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Cardboard and Wood Chips Mulching

9779379053?profile=originalI don't know why I refuse to leave well enough alone.

I can't help myself. A kitchen garden that grows annuals is  an elastic  medium. With the seasons and such there are any number of excuses to change the design. Guess I'm not much of a Permaculturalist.

As it happens I am sick of foraging for my harvest. My penchant for jungling means I do not have an easy grab for a bite as I am losing too much food hiding in the greenery.

Since I've also taken my penchant for milk crate gardening to another level I'm less dependent on my beds. I really need them to make soil in the way only dirt, plants and critters can. And I've done well with the making of the soil outback. Like some holy transubstantiation I have turned it from sand to loam.

All my own work -- in partnership with Nature's ways and means.

At 'the farm' -- our Vetiver plantation -- we have planted out thousands of slips in beds covered with cardboard and woodchips.  It works for us real good. While I cut the Vetiver grass for at home mulching, I need more than I've cut so far.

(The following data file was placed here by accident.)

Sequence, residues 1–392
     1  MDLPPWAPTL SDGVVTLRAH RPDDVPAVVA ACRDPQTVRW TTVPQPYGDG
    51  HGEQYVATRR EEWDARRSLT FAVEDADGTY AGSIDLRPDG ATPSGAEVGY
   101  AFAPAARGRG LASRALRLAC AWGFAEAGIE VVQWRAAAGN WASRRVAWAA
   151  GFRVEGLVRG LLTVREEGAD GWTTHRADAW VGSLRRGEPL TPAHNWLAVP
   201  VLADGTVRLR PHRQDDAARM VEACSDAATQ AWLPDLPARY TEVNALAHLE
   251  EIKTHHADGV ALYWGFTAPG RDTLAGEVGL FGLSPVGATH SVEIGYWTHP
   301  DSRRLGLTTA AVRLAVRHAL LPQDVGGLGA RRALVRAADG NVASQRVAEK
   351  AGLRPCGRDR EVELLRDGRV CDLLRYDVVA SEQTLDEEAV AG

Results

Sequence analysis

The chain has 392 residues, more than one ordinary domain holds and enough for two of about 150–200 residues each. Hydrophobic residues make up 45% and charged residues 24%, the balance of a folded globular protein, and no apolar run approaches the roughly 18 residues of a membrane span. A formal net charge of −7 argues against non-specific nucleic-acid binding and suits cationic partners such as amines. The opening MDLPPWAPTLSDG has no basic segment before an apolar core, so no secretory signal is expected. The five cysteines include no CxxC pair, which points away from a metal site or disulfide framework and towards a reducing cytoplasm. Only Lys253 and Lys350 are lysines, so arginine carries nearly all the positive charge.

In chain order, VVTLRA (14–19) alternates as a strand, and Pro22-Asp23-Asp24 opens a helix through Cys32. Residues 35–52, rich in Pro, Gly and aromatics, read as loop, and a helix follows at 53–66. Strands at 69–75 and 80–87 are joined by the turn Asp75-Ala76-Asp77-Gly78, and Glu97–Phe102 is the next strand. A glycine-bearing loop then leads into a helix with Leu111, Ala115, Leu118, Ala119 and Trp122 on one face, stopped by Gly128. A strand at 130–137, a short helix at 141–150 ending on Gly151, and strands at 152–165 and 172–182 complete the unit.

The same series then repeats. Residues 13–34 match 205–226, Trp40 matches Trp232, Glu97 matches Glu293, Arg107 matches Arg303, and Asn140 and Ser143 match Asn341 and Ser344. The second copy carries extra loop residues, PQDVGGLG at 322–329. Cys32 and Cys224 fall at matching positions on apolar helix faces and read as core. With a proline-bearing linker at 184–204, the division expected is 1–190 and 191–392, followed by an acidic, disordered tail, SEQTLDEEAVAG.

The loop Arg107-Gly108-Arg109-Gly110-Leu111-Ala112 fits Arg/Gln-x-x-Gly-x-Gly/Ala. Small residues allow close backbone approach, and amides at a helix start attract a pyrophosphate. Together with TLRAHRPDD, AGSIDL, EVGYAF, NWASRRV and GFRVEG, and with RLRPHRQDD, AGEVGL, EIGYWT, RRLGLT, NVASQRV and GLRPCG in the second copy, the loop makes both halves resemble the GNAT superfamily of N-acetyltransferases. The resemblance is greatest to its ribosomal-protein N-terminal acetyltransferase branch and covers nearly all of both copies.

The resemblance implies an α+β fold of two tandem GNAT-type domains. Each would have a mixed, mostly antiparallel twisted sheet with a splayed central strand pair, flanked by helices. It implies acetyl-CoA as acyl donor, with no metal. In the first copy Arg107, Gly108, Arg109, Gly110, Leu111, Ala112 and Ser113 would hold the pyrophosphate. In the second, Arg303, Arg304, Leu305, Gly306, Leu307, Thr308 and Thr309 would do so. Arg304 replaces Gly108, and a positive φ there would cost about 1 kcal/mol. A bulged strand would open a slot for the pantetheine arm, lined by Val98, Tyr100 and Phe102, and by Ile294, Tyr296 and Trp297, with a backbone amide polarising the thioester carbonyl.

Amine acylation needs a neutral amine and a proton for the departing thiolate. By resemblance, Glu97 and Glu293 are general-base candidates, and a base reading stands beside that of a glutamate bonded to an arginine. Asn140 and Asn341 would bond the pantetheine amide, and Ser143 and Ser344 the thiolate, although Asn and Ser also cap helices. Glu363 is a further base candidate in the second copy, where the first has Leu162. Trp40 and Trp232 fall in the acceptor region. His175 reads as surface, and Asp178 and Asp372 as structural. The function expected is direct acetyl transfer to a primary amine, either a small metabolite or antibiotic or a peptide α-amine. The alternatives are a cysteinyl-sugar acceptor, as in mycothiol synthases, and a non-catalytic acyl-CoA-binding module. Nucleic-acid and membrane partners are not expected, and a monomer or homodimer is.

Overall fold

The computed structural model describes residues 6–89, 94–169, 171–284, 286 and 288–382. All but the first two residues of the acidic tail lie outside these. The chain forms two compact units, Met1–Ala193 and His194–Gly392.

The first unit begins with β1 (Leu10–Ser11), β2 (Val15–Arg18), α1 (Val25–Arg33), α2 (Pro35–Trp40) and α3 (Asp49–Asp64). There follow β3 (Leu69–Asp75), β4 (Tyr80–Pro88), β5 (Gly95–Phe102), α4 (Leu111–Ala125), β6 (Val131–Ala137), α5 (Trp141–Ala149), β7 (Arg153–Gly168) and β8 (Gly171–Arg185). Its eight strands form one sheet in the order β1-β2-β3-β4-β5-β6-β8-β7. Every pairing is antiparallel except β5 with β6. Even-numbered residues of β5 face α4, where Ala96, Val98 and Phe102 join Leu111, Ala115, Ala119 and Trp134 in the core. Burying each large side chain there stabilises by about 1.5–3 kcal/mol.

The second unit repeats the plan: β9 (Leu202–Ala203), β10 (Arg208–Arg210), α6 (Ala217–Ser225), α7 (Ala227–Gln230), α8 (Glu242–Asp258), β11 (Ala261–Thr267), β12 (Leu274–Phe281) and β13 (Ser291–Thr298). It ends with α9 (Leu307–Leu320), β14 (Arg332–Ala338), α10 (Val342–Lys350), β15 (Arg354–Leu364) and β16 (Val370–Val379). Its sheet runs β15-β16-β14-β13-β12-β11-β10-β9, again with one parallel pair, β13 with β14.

SO I thought  what works at the farm should work at home. So I've covered my beds with cardboard and laid down a blanket of woodchips on top of that. In time the cut Vetiver stems will be joining the layering, but for now, our farm houses a huge pile of woodchips -- some of which I'm stealing for domestic use.

I've done a few other things too as part of this revamp:

  • 9779378478?profile=originalI've placed planted out milk crates on the beds so they drain to the soil below
  • I've rejigged my overhead aerials to run aluminium chains down to climbers and ramblers (like tomatoes) below. Better than string or rope because these things offer purchase. It's chain curtaining that I got el cheapo from an Op shop. Should last me forever (pictured right).
  • I've done away with paths so that I can walk wherever I want between the plants I've planted by stepping on the woodchip carpet

I've mentioned this before this video has impressed me greatly:this is my primary inspiration.

Now that I have the soil that actually will grow things, I can be more selective with what I do with it.

I use the soil I have made as part of a simple mix for my containers like milkcrates. In them I'm growing plants that are either hard to grow or are vulnerable or expensive -- and I let the more feral species grow in the beds. Squashes. Tomatoes. Radishes. Greens.